Flying will normally take place when an SGC or approved visiting instructor has been designated as Lead Instructor to supervise. Typically during midweek operations, this will be the SGC Staff Instructor. At weekends there is a Duty team with a designated Lead Instructor and supporting Duty Instructors. The Lead Instructor should be a BGA Full Cat instructor or, alternatively, an EASA FI(S) or a BGA Asst. Cat Instructor approved to supervise airfield operations.
Lead Instructors, Support Instructors, and Duty Pilots have a duty of care and supervision to ensure that all flying and airfield activity is carried out safely and efficiently, in particular ensuring that newer, less experienced members are given suitable coaching and mentoring.
A complete and accurate log of glider flights must be kept so that pilots can be tracked and any overdue gliders identified. Launch point controllers are briefed that “no details = no launch”.
Pilots intending to go cross-country must indicate their intentions (e.g. their proposed task) on the log sheet, refer D. Cross Country Flying.
Self-launching pilots must book out using the powered aircraft movements logsheet next to the office and ensure that the Lead Instructor is aware that they are airborne and that they have the ability to alert the SGC should they become overdue from a flight.
All pilots must ensure that they have been logged down after returning to Portmoak.
If you land away from Portmoak you must report it, otherwise SAR (Search and Rescue) procedures will be implemented to find you. If you cannot contact the office or duty instructor leave a message on the answerphone (01592 840543), as this will be checked before calling the emergency services.
Until 8th December 2021 in the UK a glider pilot is not required to hold a glider pilot’s licence. The BGA instead issues a gliding certificate on reaching solo standard which is then used to record a pilot’s progress from solo, through the Bronze endorsement, to Cross Country Endorsement (CCE) and beyond (aerobatics, cloud flying, introductory flight endorsements). A pilot with a Bronze certificate and a CCE is a Qualified Pilot. The gliding certificate along with a current logbook is a sufficient demonstration of the level of competence achieved for gliding in the UK.
Alongside the system above, the BGA, via the UK CAA, also supports the EASA Sailplane Flight Crew Licencing system, SFCL. Under the EASA system a glider pilot has either a Sailplane Pilots Licence (SPL) or a Light Aeroplane Pilots Licence (Sailplane), (LAPL(S)) – these are equivalent to the Bronze C plus CCE. The EASA SPL is an ICAO compliant licence and is recognised in Europe and other countries.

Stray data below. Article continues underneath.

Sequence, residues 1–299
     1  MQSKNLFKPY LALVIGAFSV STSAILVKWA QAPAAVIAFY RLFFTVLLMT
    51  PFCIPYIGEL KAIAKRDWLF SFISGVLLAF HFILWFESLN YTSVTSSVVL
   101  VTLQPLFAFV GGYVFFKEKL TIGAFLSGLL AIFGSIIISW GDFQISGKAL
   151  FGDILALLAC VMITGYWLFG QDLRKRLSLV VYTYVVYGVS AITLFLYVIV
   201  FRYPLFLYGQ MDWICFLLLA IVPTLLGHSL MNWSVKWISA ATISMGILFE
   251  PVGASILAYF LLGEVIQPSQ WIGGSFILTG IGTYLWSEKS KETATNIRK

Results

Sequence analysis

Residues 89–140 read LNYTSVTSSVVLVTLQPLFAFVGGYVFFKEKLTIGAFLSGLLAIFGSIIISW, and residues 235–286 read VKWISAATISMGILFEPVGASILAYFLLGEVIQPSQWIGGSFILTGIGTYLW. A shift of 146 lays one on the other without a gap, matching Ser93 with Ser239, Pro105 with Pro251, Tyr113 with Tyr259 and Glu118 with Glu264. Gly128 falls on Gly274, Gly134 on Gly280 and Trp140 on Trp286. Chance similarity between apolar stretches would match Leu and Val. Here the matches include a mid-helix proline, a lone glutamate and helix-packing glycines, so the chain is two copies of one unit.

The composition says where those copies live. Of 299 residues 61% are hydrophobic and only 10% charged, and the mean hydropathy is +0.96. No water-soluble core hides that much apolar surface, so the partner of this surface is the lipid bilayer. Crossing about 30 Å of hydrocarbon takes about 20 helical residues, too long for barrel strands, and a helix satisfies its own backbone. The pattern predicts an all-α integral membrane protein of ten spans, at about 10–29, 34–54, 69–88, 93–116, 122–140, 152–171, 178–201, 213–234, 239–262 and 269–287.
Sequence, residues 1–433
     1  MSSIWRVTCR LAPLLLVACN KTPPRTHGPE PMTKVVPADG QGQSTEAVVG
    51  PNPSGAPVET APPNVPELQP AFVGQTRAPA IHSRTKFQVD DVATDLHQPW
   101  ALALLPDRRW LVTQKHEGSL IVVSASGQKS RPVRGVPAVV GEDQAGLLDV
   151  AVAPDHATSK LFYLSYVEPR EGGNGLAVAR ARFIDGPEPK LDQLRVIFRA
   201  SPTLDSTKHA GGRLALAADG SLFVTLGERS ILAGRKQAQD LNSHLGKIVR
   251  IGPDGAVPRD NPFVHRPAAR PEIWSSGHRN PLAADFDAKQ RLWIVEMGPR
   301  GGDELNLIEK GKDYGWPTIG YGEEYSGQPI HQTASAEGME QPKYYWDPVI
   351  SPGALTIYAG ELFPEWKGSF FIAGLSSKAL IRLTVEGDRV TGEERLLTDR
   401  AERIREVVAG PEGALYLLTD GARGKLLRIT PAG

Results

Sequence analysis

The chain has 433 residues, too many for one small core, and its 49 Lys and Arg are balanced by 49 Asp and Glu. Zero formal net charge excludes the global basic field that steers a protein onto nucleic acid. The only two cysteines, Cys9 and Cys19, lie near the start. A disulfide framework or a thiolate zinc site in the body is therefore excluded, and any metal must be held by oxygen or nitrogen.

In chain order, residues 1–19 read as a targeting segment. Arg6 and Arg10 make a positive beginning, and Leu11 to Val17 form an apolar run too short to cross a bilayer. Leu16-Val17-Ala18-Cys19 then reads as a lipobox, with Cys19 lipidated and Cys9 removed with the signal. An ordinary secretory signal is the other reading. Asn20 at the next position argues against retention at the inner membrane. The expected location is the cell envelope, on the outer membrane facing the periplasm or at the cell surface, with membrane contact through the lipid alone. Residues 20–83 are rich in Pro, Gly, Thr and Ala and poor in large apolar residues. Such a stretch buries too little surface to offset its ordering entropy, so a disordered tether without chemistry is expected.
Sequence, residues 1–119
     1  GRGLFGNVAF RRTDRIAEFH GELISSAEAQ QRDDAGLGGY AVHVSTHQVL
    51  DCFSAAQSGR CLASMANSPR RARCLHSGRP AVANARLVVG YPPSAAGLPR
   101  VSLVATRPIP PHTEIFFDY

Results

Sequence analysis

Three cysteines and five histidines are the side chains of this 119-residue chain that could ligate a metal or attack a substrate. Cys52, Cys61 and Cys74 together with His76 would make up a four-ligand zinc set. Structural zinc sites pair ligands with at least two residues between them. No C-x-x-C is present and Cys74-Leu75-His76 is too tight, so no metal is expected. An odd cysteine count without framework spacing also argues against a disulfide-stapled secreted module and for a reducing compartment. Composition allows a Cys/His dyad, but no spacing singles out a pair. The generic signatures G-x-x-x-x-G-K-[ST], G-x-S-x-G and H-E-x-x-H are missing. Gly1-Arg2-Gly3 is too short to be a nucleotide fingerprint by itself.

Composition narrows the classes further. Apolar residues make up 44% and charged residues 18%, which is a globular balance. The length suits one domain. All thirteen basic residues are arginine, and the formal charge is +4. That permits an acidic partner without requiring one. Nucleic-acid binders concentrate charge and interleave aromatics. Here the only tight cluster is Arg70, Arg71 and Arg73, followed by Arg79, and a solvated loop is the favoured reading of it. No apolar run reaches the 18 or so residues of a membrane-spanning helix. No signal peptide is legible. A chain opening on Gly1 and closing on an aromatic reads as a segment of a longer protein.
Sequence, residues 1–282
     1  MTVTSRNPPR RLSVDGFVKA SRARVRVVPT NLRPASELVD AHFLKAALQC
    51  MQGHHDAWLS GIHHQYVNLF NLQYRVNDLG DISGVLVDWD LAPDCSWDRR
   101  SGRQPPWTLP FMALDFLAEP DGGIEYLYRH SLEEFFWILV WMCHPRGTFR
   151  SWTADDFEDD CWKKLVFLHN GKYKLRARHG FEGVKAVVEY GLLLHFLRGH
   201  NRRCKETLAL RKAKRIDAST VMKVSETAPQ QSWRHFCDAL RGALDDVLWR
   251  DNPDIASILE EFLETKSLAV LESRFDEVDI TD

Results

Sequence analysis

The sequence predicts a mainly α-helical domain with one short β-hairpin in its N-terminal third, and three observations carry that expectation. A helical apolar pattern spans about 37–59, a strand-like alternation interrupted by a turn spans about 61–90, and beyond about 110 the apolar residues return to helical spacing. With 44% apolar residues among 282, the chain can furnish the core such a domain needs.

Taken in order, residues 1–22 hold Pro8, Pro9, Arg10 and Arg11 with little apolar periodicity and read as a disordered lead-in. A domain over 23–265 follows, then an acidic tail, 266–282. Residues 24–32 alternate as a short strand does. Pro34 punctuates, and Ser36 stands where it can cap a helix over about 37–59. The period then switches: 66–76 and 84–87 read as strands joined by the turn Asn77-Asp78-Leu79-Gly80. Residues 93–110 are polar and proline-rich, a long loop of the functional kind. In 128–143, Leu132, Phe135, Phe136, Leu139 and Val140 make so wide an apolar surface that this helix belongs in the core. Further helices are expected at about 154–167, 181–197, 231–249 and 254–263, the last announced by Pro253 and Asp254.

By 8th December 2021 all qualified glider pilots flying EASA gliders (basically any glider with a G- registration) in the UK will require a SPL unless under training or direct supervision (the LAPL(S) will be phased out and holders will be deemed to have the privileges of the SPL). After the UK leaves the European Union the SPL will be a CAA licence, mirroring the EASA equivalent, and ICAO compliant. The CAA has indicated it will mirror EASA regulations for at least the first two years after Brexit, i.e. until end of December 2022.
All PIC’s must have a current medical certificate or medical declaration (which may be GP countersigned or a Pilot Medical Declaration made via the CAA Portal). For solo flying a driving licence is sufficient.
The medical assessment must be appropriate for the glider pilot’s licence or certificate and for the type of flying he/she wishes to do. It should be noted that the medical requirements for gliding and GA in general are under review and subject to change. The BGA website details the latest medical requirements for pilots.
A copy of your current medical assessment must be held by the SGC office.
As well as holding a valid medical, pilots should also ensure that on any given day they are fit to fly; the following “I’M SAFE” check list can be used;
|I||Illness/Injury||Ill? Head injury, weakness / limited movement / pain?|
|M||Medication||Side effects of dizziness, lethargy, etc?|
|S||Stress||Mentally pre-occupied with issues at home, at work, etc?|
|A||Alcohol||Recommended minimum of 12 hours between consumption of alcohol and flying.|
|F||Fatigue||Lack of energy, tiredness?|
|E||Eating||Have you (had) adequate food and drink?|
The following table summarises the SGC minimum currency requirements for solo pilots.
The BGA has a “currency barometer” which looks at the number of launches and gliding hours in the last 12 months. You should use this in conjunction with the requirements below to assess the “quality” of your currency. A copy of the barometer is on the CFI’s notice board and can be found on the BGA website here Currency Barometer. For example, if you are only flying about 10 hours a year and don’t do many launches, you are permanently in the red section and should think very carefully about your flying safety. You need to be doing at least 25 hours to maintain reasonable flying standards.
Obviously some weather conditions are much more challenging than others, and being current on winch doesn’t mean you can aerotow, or vice versa. The supervising instructor may impose limits on solo flying, or conversely may waive the currency recommendations for an individual, in both cases dependent upon the individual’s overall experience. However, the person primarily responsible for deciding if a proposed flight is safe is not the supervising instructor but the pilot. All pilots must make considered and rational judgements about their own currency – depending on the launch method, the glider and the weather – and discuss their situation with an instructor if in any doubt.